Read more: A Slow-Motion Rave - The FLUX quartet performs Morton Feldman’s String Quartet #2

The opening concert of the Music Gallery’s X Avant New Music festival began with a huge explosion of energy Friday, October 11. The high-octane sounds coming from the Gordon Grdina Trio set the stage for the Montreal-based Quartetski and their retake of Stravinsky’s Rite of Spring.  As I mentioned in my October WholeNote column, this work caused a riot when it premiered 100 years ago in Paris.  As I was sitting listening to the brilliance of this reworking of the original, I couldn’t help but wonder how those audiences of 1913 would respond.  I imagined Stravinsky himself with a huge wide grin dazzled by the eclectic palette of sounds, many of which would have been unheard of in his day. As for the audiences?  Perhaps so shocked and stunned they wouldn't be able to move, let alone begin a riot.   

quartetskiblogBut back to the music and its brilliance.  For starters, there was the instrumentation:  viola da gamba, violin, drums and eclectic percussion, various sound/noise objects, electric guitar with effect pedals, bass clarinet and soprano sax. But it was the seamless movement between scored sections and improvisation that captured my attention. The referencing of the original music was unmistakable -- the familiar melodies and the driving rhythms.  But with the addition of improvisation, the individual virtuosic skills of each player shone; they approached their instruments as full-on sound generators including saxophone multiphonics, the bowing of the tailpiece of the gamba and a scratchy LP recording.  One of my favourites was a DIY noise machine made by putting a stick in a styrofoam ball and placing it on a moving potter’s wheel, with the styrofoam ball acting as the sound resonator. You can see this white ball on the left in the photo.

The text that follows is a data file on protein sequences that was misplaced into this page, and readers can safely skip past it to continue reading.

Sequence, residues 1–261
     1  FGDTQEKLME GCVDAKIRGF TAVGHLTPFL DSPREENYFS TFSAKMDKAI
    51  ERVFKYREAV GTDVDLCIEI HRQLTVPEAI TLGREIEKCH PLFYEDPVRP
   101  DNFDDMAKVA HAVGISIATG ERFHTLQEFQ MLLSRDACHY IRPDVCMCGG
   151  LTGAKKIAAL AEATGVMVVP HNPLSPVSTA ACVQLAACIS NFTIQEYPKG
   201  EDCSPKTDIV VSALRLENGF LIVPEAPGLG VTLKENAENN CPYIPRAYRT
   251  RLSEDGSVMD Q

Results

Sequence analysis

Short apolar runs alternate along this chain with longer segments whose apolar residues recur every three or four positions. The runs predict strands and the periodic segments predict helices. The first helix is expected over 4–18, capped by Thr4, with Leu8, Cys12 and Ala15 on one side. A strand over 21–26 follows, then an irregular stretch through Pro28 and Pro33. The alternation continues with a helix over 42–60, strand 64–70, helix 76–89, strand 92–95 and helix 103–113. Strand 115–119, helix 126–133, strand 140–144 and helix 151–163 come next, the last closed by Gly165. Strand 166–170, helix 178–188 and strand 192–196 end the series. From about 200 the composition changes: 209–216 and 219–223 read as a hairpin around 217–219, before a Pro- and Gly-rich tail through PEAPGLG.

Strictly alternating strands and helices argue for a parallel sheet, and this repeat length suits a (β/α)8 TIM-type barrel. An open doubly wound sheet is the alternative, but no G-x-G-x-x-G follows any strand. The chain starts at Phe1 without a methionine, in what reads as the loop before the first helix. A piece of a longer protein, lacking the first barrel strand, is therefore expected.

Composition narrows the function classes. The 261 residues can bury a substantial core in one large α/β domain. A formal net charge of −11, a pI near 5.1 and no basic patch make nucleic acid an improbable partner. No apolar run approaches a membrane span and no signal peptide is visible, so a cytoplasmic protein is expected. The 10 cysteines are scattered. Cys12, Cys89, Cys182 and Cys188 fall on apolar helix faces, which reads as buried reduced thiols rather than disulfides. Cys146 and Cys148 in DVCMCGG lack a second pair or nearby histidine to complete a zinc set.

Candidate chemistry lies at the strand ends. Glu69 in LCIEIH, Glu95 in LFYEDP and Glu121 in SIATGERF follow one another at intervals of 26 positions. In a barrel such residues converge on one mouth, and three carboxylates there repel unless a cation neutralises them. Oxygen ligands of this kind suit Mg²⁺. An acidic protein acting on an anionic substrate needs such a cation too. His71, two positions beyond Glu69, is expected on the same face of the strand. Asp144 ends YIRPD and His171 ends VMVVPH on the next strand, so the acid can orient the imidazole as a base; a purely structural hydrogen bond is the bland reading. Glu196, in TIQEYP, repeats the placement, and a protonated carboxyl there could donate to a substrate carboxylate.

After the concert, I asked the group’s founder and viola da gamba player Pierre-Yves Martel about how this piece came together.  He told me that after listening to various orchestral versions, he studied  the two-piano reduction created by Stravinsky. He proceeded from there to make an arrangement based on each player’s skills and unique talents.  One of his fascinating ideas was to use various lines from the orchestral score that would not normally be heard so distinctively -- such as the tuba and flute parts.  His creation was then brought to the group and honed into its final form through a collective process of improvisation and revisions.